There is always room for more about Queen Anne, and I appreciated the volatile relationship between the two sisters that rang so true to life. But it seems a lot is missing. I wanted more. I hate to think that it was written too swiftly – maybe a publisher’s behest to meet a good sales deadline. What will the next book in the series tell us? Apparently it is about the possible fate of the two princes, part of the story about their sister, Princess Elizabeth of York – Richard III’s secret lover.

Oh dear.

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On Saturday 12 May 2012 the Richard III Society NSW Branch held their eagerly anticipated biannual mini-conference in the Southern Highlands, at the Mittagong RSL.

A few of us, who had travelled to Mittagong the day before, met up for an informal dinner in the club’s bistro, being happy meeting old friends and making new ones.

The event was attended by both Sydney-based regulars (some of whom braved the long journey on buses replacing the usual trains) and other members, some coming from as far away as the ACT and Victoria.  We were especially pleased to welcome Michael, the chairman of the Victoria branch, and his wife Yvonne, as well as Gillian and Bruce from the South Australian branch.

The presentations were very diverse, with competent speakers from a wide range of backgrounds. David Mee spoke on ‘Medieval Coins’ and brought examples of types of coinage from across the centuries, including one from the era of Richard III.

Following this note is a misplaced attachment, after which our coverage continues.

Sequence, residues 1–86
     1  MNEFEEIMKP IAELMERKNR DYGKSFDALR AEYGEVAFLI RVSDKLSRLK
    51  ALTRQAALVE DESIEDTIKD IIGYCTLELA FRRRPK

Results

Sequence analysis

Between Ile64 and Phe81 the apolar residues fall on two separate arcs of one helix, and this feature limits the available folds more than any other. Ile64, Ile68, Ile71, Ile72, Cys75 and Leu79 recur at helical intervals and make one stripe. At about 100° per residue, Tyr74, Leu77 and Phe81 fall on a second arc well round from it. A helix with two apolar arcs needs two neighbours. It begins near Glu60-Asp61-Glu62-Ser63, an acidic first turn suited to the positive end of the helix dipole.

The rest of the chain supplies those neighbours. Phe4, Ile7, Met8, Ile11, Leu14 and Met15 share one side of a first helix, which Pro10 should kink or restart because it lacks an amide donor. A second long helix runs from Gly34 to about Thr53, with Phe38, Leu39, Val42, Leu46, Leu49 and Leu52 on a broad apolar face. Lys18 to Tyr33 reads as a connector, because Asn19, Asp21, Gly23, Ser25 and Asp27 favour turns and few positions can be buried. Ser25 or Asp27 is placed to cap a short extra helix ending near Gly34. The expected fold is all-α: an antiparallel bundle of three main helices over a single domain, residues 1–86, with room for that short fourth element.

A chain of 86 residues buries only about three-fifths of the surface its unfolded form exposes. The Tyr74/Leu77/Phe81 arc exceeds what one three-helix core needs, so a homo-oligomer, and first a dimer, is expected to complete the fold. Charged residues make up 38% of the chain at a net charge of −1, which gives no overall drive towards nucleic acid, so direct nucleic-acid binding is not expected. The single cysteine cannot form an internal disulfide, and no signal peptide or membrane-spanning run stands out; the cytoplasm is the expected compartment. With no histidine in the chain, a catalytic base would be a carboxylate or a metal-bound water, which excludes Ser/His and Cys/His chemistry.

Judith Hughes spoke on ‘Eleanor Talbot, the Spurned Queen’, being the hapless lady the self-serving young Edward IV secretly wed then ignored for the rest of her life, whilst making a public life with Elizabeth Woodville, with whom he had his large brood.

Karen Clark spoke on ‘John Nevill’s Feud and the Destruction of a Family’, an area of particular expertise and one on which she is writing a book. Her detailed grasp of the generations of family members and their competition was impressive. The Percy family still survives, although the Nevilles are long gone, she mentioned in conclusion.

Kevin Herbert spoke on the ‘Royal Relicts’ – the widows of the kings. His handout was chockfull of details worth knowing, and his presentation a highlight of the day.

Lynne Foley and Dorothea Preis critiqued Ricardian books they had recently read.  Lynne favourably reviewed Margaret of York: The Diabolical Duchess by Christine Weightman. Dorothea told us about the recently published Richard III by David Baldwin, which has its good points, but does not offer much new for someone well versed in the period. Her wise counsel saved us all some cash and precious time by knowing which books we could safely skip.

Doug and Leslie McCawley spoke about their favourite Ricardian books, having been invited on short notice to replace a speaker who had to cancel. They chose the ever-popular Daughter of Time by Josephine Tey, The Sunne in Splendour by Sharon Penman, and Some Touch of Pity by Rhoda Edwards.

Julia Redlich spoke about how Richard III has been presented on stage across time.

Helen Portus and Denise Rawling spoke on ‘Richard III the Posthumous Hunchback’, getting audience members to question what we accept on face value in the media, and encouraging us to be discerning consumers of received opinions and so-called histories.